Counting the cost of cancer in Wales

Cancer is the toughest fight many of us will face. People tell us that, after the diagnosis itself, money worries are their biggest concern.

We know that cancer is expensive. Research by Macmillan has highlighted that 4 in 5 cancer patients living in Wales are hit with an average cost of £640 a month as a result of their diagnosis, a sum comparable to a monthly mortgage payment. More than half of cancer patients in Wales are worried about money and it shouldn’t be this way.

Our Counting the Cost of Cancer campaign aims to reduce the financial impact of cancer for people in Wales. You can also read these pages in Welsh.

The Welsh Government's Cancer Delivery Plan

The Welsh Government’s Cancer Delivery Plan, published in June 2012, made a commitment to routinely offer the opportunity to access financial advice and support as part of the care assessment and planning process for everyone diagnosed with cancer.

Macmillan welcomed this but 3 years on, patients are not routinely being referred to welfare benefits advice services they need. The results of the All-Wales Cancer Patient Experience Survey, show more than half of patients had not been given enough information about how to access welfare benefits services. In addition to this, our analysis of Health Boards’ Cancer Delivery Plans shows none of them have mentioned how they plan to meet this requirement.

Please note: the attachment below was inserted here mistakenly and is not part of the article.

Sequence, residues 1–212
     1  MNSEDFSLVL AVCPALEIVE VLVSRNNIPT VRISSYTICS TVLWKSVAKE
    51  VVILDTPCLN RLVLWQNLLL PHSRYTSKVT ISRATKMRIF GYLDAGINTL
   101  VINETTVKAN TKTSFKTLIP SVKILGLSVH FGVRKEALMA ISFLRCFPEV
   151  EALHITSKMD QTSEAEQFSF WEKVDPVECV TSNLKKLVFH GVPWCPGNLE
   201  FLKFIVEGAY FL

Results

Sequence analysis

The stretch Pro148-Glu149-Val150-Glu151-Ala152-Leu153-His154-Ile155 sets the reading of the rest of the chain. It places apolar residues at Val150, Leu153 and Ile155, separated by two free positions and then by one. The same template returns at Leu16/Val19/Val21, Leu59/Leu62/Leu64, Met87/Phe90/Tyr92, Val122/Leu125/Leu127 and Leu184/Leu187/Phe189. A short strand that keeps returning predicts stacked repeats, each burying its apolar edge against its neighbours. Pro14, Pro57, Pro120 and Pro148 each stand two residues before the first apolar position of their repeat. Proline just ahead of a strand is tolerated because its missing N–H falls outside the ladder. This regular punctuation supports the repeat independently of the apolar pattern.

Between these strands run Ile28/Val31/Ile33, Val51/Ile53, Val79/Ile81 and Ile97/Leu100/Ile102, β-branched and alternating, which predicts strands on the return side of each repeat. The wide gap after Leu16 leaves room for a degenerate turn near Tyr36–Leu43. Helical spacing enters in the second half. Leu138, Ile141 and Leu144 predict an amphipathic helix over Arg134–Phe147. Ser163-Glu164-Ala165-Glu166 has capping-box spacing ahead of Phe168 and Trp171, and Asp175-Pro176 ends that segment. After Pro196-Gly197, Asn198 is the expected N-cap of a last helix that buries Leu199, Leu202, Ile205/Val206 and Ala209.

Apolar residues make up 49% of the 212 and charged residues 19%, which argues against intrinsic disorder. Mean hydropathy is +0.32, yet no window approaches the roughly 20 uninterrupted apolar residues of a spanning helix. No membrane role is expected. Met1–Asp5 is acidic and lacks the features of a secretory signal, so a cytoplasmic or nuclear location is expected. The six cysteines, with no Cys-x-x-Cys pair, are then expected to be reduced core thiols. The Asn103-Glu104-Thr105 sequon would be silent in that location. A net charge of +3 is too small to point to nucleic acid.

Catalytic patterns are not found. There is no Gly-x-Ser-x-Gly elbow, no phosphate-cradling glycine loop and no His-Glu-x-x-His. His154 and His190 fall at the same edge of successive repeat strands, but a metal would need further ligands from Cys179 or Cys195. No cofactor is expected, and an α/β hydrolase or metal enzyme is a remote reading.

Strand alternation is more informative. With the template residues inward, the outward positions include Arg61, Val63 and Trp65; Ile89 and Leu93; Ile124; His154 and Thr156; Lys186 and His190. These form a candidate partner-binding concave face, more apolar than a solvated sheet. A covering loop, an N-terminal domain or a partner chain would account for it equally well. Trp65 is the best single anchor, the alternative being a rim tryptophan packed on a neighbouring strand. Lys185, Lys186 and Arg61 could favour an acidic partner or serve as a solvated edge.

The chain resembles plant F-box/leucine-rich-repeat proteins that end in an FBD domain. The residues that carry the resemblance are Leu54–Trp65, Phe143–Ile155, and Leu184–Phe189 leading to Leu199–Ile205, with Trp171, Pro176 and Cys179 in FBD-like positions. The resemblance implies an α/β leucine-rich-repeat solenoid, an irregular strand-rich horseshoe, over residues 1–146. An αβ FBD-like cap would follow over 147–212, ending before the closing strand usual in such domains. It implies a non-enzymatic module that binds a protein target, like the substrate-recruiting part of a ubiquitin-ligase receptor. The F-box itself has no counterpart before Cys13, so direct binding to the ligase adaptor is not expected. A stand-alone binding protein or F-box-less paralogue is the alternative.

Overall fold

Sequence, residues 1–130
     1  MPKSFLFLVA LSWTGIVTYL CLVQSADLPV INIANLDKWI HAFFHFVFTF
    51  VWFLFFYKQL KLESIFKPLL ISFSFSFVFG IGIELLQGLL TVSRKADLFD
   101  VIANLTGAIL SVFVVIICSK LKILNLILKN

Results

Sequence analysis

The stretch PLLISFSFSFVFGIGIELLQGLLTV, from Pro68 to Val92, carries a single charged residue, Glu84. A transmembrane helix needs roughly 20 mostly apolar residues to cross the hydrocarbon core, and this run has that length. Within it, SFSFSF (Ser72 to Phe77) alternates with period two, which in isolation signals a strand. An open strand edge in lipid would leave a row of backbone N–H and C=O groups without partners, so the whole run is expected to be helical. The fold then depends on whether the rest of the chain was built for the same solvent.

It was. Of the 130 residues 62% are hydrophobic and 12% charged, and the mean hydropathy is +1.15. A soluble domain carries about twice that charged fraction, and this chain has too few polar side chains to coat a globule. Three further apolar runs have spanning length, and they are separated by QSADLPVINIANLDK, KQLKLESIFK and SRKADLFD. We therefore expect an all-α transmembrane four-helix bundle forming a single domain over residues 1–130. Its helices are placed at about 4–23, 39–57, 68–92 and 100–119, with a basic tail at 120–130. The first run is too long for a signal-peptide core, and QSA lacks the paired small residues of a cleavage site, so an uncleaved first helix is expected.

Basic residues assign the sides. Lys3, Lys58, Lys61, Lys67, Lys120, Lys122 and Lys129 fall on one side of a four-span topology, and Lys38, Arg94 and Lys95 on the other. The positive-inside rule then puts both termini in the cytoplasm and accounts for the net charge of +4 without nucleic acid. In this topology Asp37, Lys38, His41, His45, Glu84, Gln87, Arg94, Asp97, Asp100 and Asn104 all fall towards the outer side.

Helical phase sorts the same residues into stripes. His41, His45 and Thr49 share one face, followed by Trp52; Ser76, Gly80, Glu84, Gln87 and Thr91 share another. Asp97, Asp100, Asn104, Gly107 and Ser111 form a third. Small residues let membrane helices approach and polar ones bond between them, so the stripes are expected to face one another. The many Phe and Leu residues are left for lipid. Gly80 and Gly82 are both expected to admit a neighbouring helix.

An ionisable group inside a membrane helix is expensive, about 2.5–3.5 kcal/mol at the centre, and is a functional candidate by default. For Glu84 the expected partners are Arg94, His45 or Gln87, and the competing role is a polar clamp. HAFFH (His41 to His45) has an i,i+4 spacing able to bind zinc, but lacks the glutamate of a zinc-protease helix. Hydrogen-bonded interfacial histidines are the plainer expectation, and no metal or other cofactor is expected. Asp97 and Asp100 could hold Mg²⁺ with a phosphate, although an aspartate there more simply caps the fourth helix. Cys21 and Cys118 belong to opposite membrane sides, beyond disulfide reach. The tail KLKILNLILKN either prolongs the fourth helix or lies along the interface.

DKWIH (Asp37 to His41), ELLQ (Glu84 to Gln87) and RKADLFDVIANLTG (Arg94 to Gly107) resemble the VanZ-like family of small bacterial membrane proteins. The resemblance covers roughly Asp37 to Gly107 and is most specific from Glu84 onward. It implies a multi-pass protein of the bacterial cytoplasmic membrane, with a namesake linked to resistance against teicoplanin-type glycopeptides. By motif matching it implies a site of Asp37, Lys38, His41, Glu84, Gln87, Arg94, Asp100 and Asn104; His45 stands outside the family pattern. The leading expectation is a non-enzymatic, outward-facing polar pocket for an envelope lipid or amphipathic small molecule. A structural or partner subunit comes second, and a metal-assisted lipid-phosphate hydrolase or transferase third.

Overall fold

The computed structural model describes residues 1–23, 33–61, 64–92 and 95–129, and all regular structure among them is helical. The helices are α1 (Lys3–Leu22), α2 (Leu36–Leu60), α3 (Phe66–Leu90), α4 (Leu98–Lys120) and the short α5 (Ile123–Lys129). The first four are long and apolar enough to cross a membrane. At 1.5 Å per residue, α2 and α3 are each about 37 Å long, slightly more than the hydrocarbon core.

A video about Macmillan grants. Sarah was supported by an Macmillan Cancer Support Welfare Benefits Advisor, after being diagnosed with lung cancer. The video still is an image of a grant application form.

Watch our video

Sarah, diagnosed with lung cancer, talks about how Macmillan helped her to cope with the cost of cancer

Watch our video

Sarah, diagnosed with lung cancer, talks about how Macmillan helped her to cope with the cost of cancer


What do we want

We are currently calling on Government and Health Boards to work together, and with organisations like Macmillan, to ensure this commitment is implemented consistently across Wales.

In 2014, Macmillan Welfare Benefits Advisers based in Wales, helped nearly 3000 people affected by cancer claim more than £13 million in benefits. They also made a huge contribution to ensuring more than £725,000 was accessed in Macmillan grants by people living in Wales.

  • 2014 – Welfare Benefits claimed £13,357,624.40
  • 2014 – Amount accessed in Macmillan grants £725,000